Mt. Tibidabo

Last week, Catherine came to visit for a few days before heading off to Bernard and Aude’s house in Manosque. We had a 3 day weekend, so we had some extra time to explore some new things around Barcelona that I hadn’t done yet. On Saturday, we went up to Mt. Tibidabo, the tallest peak in the Collserola mountain range, which limits the westward expansion of the city. After taking one metro, one train, one trolley, and one funicular, we made it up to the top. At the very top of the mountain is the Temple de Sagrat Cor, a church built from 1902 – 1961. Immediately below the church is an amusement park, with rides dating back to the year 1900. You can walk around the top and visit the church for free, but of course it costs money to go into the park and also to take the elevator to the church tower. We decided against the park but rode the elevator up so we could experience the highest viewpoint of the city. Here are some pictures from the excursion.

Yoav and Michael discussing sunglasses on the way up in the trolley…:

One of the rides in the park:

Some of the rides and the church:

Walking up to the church:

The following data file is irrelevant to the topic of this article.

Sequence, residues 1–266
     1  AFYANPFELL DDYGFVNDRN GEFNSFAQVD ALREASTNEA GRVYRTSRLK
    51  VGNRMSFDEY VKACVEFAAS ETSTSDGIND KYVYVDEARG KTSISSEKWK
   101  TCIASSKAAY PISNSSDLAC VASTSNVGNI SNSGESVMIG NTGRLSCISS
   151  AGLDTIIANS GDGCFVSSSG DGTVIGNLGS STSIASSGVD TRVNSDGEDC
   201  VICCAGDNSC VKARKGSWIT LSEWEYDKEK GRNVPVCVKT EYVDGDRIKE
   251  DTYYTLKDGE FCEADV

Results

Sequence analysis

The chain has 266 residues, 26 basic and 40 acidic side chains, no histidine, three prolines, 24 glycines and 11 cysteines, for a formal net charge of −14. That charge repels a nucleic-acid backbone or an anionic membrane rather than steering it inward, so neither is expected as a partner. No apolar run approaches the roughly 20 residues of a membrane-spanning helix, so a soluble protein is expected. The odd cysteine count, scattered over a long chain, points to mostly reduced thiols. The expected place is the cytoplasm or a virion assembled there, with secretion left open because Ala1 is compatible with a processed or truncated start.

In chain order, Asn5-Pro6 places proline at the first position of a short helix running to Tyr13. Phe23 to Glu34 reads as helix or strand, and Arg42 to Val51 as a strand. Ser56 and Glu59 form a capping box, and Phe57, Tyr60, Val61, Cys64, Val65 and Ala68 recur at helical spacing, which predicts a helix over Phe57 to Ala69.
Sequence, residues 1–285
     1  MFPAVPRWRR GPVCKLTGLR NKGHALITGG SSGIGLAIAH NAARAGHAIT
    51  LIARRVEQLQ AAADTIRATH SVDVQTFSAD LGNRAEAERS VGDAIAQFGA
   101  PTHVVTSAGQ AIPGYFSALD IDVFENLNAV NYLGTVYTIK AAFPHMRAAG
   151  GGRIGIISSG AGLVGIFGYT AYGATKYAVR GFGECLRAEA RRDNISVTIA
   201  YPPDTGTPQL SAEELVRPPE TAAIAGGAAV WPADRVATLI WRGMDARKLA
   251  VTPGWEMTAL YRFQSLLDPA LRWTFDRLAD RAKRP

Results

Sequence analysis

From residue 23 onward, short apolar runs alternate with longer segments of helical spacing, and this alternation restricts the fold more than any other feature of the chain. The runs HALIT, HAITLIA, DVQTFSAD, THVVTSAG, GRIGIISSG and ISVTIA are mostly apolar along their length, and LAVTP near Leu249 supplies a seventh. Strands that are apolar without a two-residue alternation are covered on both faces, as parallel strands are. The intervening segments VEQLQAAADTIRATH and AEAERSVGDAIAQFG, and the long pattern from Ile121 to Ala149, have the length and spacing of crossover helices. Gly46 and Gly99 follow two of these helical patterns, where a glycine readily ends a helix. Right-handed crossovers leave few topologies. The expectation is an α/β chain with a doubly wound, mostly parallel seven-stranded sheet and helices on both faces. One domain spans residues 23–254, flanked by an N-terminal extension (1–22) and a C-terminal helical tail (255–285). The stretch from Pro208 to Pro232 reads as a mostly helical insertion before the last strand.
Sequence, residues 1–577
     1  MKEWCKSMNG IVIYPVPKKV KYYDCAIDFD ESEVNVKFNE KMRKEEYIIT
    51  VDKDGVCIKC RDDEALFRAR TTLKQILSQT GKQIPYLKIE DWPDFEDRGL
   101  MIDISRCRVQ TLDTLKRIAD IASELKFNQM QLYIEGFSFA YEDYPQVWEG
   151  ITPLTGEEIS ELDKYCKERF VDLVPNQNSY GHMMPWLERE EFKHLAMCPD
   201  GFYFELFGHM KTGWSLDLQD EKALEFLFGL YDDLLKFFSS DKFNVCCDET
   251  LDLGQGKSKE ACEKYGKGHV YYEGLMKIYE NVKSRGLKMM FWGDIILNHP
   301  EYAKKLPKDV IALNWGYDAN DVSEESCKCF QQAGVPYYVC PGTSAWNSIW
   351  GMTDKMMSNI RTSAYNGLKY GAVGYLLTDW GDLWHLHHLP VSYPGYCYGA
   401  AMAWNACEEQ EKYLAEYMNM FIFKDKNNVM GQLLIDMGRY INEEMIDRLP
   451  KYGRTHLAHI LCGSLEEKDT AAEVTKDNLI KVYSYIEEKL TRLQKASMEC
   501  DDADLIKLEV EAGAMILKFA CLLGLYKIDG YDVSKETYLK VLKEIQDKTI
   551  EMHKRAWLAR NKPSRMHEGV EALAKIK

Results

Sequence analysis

Inside the church:

View into the amusement park from the top of the church:

Perspective of the city from one of the rides:

The Sagrada Familia:

The opposite side of the mountain:

Torre de Collserola (telecommunications tower on the adjacent hill):

Panoramic of the whole view of the city. It was pretty amazing. Hopefully next time it will be a clearer day:

Thanks to Michael for this reference:

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One Response to Mt. Tibidabo

  1. Charlie says:

    The vibrance of the color in a few of these pictures reminds me of the experience Lisa and I had in the Vatican 15 years ago. Incredible dynamic range in color and intensity found in art work on the walls. In the best examples, color was captured in fired tiles. These were very small chips of tile fired with, in many cases, “secret” color ingrediants. Those small chips were assembled like a computer assembles pixels to display on a monitor. The durability of the color over many centuries is nothing short of amazing. CK

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